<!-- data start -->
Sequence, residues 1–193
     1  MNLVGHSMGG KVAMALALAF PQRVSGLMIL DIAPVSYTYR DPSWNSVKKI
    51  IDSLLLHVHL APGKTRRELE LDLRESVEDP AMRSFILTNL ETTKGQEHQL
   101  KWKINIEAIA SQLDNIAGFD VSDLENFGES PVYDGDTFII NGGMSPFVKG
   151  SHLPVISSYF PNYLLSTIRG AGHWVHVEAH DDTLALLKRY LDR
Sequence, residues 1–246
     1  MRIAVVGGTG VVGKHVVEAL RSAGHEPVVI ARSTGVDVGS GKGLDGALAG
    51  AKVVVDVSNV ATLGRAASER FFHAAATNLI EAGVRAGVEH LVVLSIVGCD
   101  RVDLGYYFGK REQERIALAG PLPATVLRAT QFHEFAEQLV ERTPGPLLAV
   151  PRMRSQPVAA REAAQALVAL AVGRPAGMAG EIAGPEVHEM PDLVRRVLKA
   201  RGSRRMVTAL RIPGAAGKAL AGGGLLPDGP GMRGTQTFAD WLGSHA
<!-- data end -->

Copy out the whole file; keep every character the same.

Sequence, residues 1–193
     1  MNLVGHSMGG KVAMALALAF PQRVSGLMIL DIAPVSYTYR DPSWNSVKKI
    51  IDSLLLHVHL APGKTRRELE LDLRESVEDP AMRSFILTNL ETTKGQEHQL
   101  KWKINIEAIA SQLDNIAGFD VSDLENFGES PVYDGDTFII NGGMSPFVKG
   151  SHLPVISSYF PNYLLSTIRG AGHWVHVEAH DDTLALLKRY LDR
Sequence, residues 1–246
     1  MRIAVVGGTG VVGKHVVEAL RSAGHEPVVI ARSTGVDVGS GKGLDGALAG
    51  AKVVVDVSNV ATLGRAASER FFHAAATNLI EAGVRAGVEH LVVLSIVGCD
   101  RVDLGYYFGK REQERIALAG PLPATVLRAT QFHEFAEQLV ERTPGPLLAV
   151  PRMRSQPVAA REAAQALVAL AVGRPAGMAG EIAGPEVHEM PDLVRRVLKA
   201  RGSRRMVTAL RIPGAAGKAL AGGGLLPDGP GMRGTQTFAD WLGSHA